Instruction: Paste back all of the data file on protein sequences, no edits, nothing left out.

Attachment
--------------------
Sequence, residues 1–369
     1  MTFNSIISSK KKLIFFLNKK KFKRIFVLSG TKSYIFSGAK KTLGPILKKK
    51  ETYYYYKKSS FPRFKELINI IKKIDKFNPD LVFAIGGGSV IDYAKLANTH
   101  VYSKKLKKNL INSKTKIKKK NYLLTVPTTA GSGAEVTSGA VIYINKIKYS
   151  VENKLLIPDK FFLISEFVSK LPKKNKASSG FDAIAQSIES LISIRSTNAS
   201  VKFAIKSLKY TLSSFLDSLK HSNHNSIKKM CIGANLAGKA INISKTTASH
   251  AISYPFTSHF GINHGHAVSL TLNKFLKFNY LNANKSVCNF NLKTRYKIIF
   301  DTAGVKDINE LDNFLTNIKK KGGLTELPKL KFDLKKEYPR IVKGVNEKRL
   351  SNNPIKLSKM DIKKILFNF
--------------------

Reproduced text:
Sequence, residues 1–369
     1  MTFNSIISSK KKLIFFLNKK KFKRIFVLSG TKSYIFSGAK KTLGPILKKK
    51  ETYYYYKKSS FPRFKELINI IKKIDKFNPD LVFAIGGGSV IDYAKLANTH
   101  VYSKKLKKNL INSKTKIKKK NYLLTVPTTA GSGAEVTSGA VIYINKIKYS
   151  VENKLLIPDK FFLISEFVSK LPKKNKASSG FDAIAQSIES LISIRSTNAS
   201  VKFAIKSLKY TLSSFLDSLK HSNHNSIKKM CIGANLAGKA INISKTTASH
   251  AISYPFTSHF GINHGHAVSL TLNKFLKFNY LNANKSVCNF NLKTRYKIIF
   301  DTAGVKDINE LDNFLTNIKK KGGLTELPKL KFDLKKEYPR IVKGVNEKRL
   351  SNNPIKLSKM DIKKILFNF